Monday, March 31, 2014

3. How can we trust the Bible after all that copying & translating over the years?

The short answer on translations is new translations are based on the oldest greek & hebrew text. They are not translations of translations of translations. A difference in wording between modern translations like the Lord's Prayer in Mt. 6:12 (...forgive us our debts vs. trespasses or sins), means translators disagree on what phrase best expresses the original idea.  The short answer on copying is that we can compare copies & see where they differ.  There are no variations that affect the basic story of Jesus' life, death & resurrection.

It turns out people were very, very good at copying, because there are more copies of the greek New Testament (NT) than any other ancient document.  Last number I saw was around 5800 early copies or partial copies of the greek NT.  If we include the early copies in other languages, the number climbs to 25,000 copies total.  In contrast Homer's Iliad is the book that has the 2nd highest number with only 643 copies of it surviving the centuries.

Comparisons between all these copies show very few significant differences.  The most common variation is the greek equivalent of confusing a vs. an in english.  Is it a hospital or an hospital? And oregano is an herb in your garden, but your family may have a Herb in it as well.  In greek this difference is expressed as an extra n at the end of word like english uses an extra s to indicate a plural word.  Well, let's get out the whips & flog those scribes for making these huge mistakes.  I ain't never used bad grammar in my life & I'm not going to let them get away with it. Oh, they're already dead, uh, never mind.  As far as grammar goes, the Bible is definitely not free of mistakes, but that does not affect the meaning of the text.

The 2nd most common variation is a difference in word order.  This isn't in the Bible, but it illustrates the point.  'Jesus and the disciples ate the Last Supper together on Thursday night.' is a different word order than 'On Thursday night the disciples and Jesus ate the Last Supper together.'  The two sentences are not identical in word order, but the meaning is identical in both cases.  When the jews memorized sections of the Torah & recited them from memory, variations like this were considered acceptable and definitely not errors, because the facts were still correct.  It's not surprising to find examples of this in the early manuscripts.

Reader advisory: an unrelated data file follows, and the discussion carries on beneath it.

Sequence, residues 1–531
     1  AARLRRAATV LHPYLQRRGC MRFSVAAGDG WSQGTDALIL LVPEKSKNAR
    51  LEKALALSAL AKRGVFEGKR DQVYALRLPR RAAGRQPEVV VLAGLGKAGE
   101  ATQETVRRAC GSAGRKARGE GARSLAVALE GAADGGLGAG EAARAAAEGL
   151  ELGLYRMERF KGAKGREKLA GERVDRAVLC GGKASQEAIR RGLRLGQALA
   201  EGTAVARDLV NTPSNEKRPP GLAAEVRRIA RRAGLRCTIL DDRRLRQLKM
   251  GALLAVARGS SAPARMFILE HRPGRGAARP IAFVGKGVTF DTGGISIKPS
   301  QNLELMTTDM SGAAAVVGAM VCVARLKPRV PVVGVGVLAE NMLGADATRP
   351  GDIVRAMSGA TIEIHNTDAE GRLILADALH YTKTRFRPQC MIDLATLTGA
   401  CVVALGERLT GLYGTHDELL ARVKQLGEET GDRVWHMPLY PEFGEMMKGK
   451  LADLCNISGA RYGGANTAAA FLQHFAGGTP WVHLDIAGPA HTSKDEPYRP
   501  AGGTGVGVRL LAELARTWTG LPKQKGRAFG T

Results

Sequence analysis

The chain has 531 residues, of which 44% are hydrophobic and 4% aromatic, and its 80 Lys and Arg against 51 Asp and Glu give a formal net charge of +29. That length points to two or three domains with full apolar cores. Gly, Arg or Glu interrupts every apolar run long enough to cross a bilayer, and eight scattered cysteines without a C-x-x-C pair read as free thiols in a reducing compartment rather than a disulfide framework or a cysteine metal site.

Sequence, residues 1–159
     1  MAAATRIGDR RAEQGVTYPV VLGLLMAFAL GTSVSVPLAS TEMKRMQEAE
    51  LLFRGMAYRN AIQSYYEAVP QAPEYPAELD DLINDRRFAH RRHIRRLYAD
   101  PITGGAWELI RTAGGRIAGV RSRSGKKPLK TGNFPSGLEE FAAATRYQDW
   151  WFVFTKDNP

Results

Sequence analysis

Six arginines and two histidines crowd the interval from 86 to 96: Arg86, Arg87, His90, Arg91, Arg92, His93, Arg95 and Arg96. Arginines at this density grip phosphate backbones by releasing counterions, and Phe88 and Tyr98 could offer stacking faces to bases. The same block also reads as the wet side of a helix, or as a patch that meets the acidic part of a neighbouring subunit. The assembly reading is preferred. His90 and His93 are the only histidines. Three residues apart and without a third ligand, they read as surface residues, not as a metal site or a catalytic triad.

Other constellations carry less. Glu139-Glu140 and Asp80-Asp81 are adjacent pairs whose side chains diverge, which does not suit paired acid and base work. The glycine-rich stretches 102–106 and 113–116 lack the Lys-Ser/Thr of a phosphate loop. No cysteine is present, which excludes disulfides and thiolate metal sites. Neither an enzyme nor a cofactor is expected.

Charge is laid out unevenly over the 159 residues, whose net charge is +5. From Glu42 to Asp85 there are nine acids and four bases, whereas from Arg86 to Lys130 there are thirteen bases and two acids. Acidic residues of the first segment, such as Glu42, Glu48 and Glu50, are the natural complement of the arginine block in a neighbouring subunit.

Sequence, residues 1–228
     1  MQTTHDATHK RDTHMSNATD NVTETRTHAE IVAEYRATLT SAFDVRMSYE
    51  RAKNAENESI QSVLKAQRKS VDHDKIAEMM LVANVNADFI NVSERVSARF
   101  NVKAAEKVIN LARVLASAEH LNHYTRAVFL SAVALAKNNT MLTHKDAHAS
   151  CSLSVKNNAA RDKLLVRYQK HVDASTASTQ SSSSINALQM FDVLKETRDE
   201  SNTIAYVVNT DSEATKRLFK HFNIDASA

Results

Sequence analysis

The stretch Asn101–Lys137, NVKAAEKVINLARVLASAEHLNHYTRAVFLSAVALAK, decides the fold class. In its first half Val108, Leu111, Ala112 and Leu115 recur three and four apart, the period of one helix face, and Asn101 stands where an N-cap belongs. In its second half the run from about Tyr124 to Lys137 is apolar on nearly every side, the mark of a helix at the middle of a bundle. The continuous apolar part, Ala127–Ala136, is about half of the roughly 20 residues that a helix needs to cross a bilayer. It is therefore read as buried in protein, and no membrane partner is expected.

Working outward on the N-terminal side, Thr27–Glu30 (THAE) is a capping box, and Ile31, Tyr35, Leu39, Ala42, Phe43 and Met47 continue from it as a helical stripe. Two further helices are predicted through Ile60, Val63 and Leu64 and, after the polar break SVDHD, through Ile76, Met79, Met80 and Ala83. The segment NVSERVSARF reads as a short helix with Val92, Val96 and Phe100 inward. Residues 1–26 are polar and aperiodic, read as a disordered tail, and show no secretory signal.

In the New Testament, there are only 2 passages that are questionable, John 8:1-11 & Mark 16:9-20.  The first is the story of the adulterous woman.  The crowd is about to stone her when Jesus tells them to let he who is without sin cast the first stone.  It's makes the point that we should not be too quick to judge & love can be more important than punishment. These points are also made elsewhere. If you leave it out of the NT entirely, it still doesn't affect the basic underlying story of the crucifixion & resurrection. In my New International Version (NIV) Study Bible this section is clearly marked with this comment: "The earliest and most reliable manuscripts and other ancient witnesses do not have Jn 7:53-8:11."

Mark 16:9-20 has a very similar comment before it. Chapter 16 is the last chapter in Mark & in the shorter version it describes the events of Easter morning. The women find the empty tomb & they are told by a young man that Jesus is not there, because he has risen.  The questionable longer ending in verses 9-20 is a discussion of his appearances after the resurrection. It could be left out and not harm the conclusion that Mark reported the resurrection of Jesus.  There are also resurrections details in the other gospels & in 1 Corinthians 15.

I've mostly focused on the NT here, because that is where Jesus' resurrection is discussed. I would also point out, though, that the Old Testament scribes were very picky when they copied scrolls. They couldn't whip out their bottle of Wite-out and fix things up when there was a mistake.  They did compare the old scroll to the new one.  If there was a single error when they copied the scroll, they killed the scribe, so he wouldn't do it again.  No, no, that's just the little devil on my shoulder talking.  It wasn't like that at all.  They just destroyed the scroll. That could be months of the scribe's best handwritten work. I'd guess they didn't break out little party hats & noisemakers to celebrate. After the Dead Sea Scrolls were discovered in the late 1940's, those scrolls were compared with that Hebrew text that was already in use by modern translators after 2000-3000 years of copying. Generally the agreement was quite good there too.

So what's the bottom line to all this?  Copying & translation have not significantly altered the text of the Bible. Okay, so they were copied accurately, but how do we know the resurrection stories weren't just legends built around the crucifixion?  How do we know we can trust them?  Tell you next time.

No comments:

Post a Comment